Germany’s top football clubs have voted against selling a stake in the league’s media and commercial rights to private equity firms, marking the second time they have rejected taking financial investors’ cash.
The plan to sell a stake in the media rights failed to secure a two-thirds majority from Deutsche Fussball Liga’s 36 members (DFL), the head of the DFL’s supervisory board said on Wednesday. The DFL runs Germany’s top two leagues.
“The majority of the clubs voted in favour of the project, but it was four votes less than the two-thirds majority desired by the DFL executive committee, and to continue the talks with the investors,” Borussia Dortmund’s chief executive and DFL supervisory board head Hans-Joachim Watzke said.
The DFL’s interim managing director Axel Hellmann added that some members had expressed surprise at the outcome of the vote.
The failure to secure the support of the DFL is a blow to a group of private-equity firms including Blackstone, Advent International and CVC Capital Partners, which were vying to buy a 12.5 per cent stake in the media rights business, according to people familiar with the matter.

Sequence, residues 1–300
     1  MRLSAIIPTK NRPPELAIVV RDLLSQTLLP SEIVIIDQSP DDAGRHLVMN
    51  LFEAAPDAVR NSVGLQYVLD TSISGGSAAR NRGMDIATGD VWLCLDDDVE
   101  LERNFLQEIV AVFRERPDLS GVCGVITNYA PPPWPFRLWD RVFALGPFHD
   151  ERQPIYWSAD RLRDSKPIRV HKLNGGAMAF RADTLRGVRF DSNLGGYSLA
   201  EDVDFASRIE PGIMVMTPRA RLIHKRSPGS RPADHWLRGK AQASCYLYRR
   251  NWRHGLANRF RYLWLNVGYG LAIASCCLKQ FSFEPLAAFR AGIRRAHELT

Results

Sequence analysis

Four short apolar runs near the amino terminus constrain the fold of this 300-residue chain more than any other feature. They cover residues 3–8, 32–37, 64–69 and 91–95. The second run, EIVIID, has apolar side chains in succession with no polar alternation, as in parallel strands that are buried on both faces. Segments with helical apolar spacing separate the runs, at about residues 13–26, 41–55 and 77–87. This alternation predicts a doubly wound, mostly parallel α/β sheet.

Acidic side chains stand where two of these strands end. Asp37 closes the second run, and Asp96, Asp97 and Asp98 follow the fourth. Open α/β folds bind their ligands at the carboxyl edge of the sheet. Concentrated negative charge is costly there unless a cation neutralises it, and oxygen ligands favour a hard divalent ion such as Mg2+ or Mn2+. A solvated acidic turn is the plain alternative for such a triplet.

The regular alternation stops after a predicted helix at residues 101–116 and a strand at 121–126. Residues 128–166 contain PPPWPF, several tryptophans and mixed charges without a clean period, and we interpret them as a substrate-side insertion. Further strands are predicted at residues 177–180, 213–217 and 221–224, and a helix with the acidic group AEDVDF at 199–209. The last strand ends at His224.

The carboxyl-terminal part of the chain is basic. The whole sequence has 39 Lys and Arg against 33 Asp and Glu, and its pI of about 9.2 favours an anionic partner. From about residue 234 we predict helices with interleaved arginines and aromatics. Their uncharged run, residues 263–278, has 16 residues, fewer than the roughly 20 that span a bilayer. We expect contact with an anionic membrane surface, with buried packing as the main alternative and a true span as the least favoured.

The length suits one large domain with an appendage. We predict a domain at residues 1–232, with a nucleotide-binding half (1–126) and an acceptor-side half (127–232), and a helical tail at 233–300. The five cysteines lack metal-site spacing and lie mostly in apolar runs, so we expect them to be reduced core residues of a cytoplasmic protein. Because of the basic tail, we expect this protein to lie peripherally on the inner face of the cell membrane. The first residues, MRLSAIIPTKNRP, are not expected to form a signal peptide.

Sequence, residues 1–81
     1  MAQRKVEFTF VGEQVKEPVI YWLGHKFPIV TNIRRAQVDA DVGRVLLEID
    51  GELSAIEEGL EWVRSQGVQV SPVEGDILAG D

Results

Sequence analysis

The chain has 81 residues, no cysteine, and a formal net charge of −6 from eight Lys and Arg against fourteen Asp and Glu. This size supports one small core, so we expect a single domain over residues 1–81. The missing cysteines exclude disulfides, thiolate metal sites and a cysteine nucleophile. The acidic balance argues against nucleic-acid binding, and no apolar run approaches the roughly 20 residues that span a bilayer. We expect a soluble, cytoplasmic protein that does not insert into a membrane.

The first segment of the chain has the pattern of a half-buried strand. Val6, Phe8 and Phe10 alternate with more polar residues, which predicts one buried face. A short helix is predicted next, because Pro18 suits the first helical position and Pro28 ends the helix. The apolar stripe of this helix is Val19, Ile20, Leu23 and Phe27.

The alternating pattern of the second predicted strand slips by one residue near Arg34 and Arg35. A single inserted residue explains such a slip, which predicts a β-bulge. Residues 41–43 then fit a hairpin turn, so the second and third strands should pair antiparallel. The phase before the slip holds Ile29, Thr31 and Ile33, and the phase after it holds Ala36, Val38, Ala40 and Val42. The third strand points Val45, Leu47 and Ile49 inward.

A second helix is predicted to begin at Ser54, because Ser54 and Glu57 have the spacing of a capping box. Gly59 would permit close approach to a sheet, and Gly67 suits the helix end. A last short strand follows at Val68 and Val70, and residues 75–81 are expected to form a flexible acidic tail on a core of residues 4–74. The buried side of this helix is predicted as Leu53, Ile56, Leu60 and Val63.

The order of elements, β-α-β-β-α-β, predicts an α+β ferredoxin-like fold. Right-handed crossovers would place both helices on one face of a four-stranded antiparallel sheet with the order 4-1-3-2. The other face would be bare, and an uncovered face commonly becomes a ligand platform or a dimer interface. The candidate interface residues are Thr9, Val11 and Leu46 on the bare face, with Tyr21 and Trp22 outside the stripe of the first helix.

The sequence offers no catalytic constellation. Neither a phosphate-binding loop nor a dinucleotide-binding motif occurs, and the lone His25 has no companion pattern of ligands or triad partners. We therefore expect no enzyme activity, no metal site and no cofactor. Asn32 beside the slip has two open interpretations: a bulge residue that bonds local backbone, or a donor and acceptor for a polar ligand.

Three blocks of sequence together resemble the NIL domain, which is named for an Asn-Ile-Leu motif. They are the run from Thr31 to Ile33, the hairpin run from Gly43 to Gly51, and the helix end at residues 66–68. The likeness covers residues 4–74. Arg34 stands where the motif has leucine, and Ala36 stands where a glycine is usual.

If the two-thirds majority had been secured then negotiations would have been able to continue with the bidders.
Private equity’s push into football media rights has divided opinion among fans, the leagues and clubs. Wednesday’s vote attracted a small group of protesters outside the hotel where it was held. They were opposed to the DFL taking private equity cash.
France’s Ligue 1 and Spain’s La Liga have both previously sold stakes in their media rights to CVC Capital Partners. CVC’s €2bn financing deal with La Liga also received pushback from some clubs, including Barcelona and Real Madrid, but was still completed.
Italy’s Serie A abandoned a €1.6bn deal to buy a 10 per cent stake in a new company managing Serie A’s broadcasting rights, after opposition from clubs.
The collapsed sale in Germany marks the second time that the DFL has voted against private equity money. In 2021, the league voted to back out of talks to sell a stake in a new-media company that would hold the rights to broadcast Bundesliga games outside Germany.
That process attracted interest from a range of private equity firms, including CVC and KKR among others, the Financial Times has previously reported.
The league again kicked off talks to sell a stake to investment firms earlier this year and attracted interest from some of the buyout industry’s biggest names.
Any deal would have been a rare bright spot for firms that have seen deal activity slump so far this year. Concerns over the wider macro environment and a lack of access to debt financing have weighed on dealmaking globally.
The decision took some of the bidders involved by surprise, people familiar with the matter said, and the second rejection raises questions about whether the rights will come up for sale again.